SAE Adds Two New Grades SAE 8 and 12 to J300

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SAE Adds Two New Grades SAE 8 and 12 to J300
 

SAE International has revised its SAE J300, Engine Oil Viscosity Grade Classification System, adding two new high-temperature viscosity grades - SAE 8 and SAE 12.


This revision continues the process of extending the SAE Engine Oil Viscosity Classification system to lower high-temperature high-shear-rate (HTHS) viscosities by adding the mentioned two new high-temperature viscosity grades to SAE J300 with minimum HTHS viscosities of 2.0 and 1.7 mPas respectively.


The SAE 16 viscosity grade was added to SAE J300: Engine Oil Viscosity Classification in April 2013. The J300 revision was requested by a consortium of passenger car OEMs to provide a viscosity grade lower than SAE 20.


The benefit of establishing new viscosity grades is to provide a framework for formulating lower HTHS engine oils in support of the ongoing quest of Original Equipment Manufacturers (OEMs) to improve fuel economy.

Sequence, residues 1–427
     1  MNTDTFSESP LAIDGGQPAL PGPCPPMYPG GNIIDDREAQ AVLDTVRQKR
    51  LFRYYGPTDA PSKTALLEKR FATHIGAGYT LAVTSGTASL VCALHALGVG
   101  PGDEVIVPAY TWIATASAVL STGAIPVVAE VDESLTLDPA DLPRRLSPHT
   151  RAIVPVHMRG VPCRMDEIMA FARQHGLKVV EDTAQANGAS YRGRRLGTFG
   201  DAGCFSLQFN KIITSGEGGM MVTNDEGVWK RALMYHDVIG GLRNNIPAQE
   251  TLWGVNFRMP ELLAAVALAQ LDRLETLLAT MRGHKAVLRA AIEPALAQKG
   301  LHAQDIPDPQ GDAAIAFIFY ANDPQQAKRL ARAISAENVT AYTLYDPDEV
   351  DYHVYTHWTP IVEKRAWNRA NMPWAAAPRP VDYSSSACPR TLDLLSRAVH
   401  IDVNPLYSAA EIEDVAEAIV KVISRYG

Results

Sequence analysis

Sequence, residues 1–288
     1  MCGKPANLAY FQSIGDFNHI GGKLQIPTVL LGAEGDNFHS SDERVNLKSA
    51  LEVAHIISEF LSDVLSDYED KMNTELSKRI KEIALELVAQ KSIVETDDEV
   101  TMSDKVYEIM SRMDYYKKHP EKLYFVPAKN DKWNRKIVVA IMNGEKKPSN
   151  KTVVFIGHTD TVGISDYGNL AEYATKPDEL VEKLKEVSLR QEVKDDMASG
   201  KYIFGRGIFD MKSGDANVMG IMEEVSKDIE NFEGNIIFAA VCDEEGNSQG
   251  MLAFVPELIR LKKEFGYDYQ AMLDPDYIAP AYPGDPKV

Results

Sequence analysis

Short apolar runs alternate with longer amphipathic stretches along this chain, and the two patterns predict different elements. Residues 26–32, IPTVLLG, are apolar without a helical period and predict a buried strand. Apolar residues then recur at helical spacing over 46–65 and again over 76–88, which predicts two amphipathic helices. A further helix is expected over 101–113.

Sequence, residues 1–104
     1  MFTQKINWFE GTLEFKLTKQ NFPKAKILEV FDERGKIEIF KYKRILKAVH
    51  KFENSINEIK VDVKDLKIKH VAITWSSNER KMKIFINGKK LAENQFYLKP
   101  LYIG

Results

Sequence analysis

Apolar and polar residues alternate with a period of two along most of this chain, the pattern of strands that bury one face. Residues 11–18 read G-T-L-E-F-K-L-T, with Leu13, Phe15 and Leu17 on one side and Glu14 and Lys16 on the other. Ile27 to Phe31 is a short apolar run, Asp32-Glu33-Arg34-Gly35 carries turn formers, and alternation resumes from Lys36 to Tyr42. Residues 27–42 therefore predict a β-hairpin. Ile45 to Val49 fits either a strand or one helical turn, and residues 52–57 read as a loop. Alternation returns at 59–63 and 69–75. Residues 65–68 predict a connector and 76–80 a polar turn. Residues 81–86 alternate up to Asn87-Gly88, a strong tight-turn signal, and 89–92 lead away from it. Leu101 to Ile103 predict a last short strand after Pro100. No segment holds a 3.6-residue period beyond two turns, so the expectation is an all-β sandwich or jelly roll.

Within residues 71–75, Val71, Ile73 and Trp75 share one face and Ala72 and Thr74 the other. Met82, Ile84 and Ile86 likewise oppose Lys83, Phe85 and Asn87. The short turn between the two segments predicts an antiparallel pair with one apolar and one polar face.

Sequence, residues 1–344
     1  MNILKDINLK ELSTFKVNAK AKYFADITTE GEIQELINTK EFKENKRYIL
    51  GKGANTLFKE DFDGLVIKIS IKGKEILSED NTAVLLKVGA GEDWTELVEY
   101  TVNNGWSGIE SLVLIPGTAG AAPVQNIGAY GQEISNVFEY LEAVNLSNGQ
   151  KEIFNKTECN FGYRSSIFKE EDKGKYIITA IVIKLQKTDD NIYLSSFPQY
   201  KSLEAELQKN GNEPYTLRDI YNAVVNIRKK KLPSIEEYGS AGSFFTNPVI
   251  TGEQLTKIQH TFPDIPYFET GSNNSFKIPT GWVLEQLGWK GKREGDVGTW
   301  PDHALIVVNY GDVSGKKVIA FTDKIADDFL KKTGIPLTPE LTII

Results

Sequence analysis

The 100°C kinematic viscosity (KV100) ranges of the new viscosity grades overlap to provide adequate formulating space for these grades. SAE 8 is defined as having minimum kinematic viscosity at 100 degrees C of 4.0 cSt, and a KV100 maximum of less than 6.1 cSt. Its high-temperature/high-shear-rate viscosity at 150C is 1.7 mPas (minimum). SAE 12’s KV100 limits are 5.0 cSt (minimum) and less than 7.1 cSt (maximum); the grade’s HTHS viscosity minimum is 2.0 mPas.


This SAE Standard defines the limits for a classification of engine lubricating oils in rheological terms only. Other oil characteristics are not considered or included.


“The main driving force for using lower-viscosity oils is to lower hydrodynamic friction, thereby increasing fuel economy,” said Michael Covitch of Lubrizol, Chair of the SAE International Engine Oil Viscosity Classification (EOVC) task force, when the SAE 16 viscosity grade was added to J300.


He explained the new grade will be specified in the future by OEMs for cars specifically designed to use new low-viscosity oils. It is not deemed to be suitable for use with older engines or newer vehicles not designed for such low-viscosity oils.”


When the SAE 16 viscosity grade was introduced, Covitch said "If we continued to count down from SAE 20 to 15 to 10, etc., we would be facing continuing customer confusion issues with popular low-temperature viscosity grades such as SAE 10W, SAE 5W, and SAE 0W. By choosing to call the new viscosity grade SAE 16, we established a precedent for future grades, counting down by fours instead of fives: SAE 12, SAE 8, SAE 4."

 
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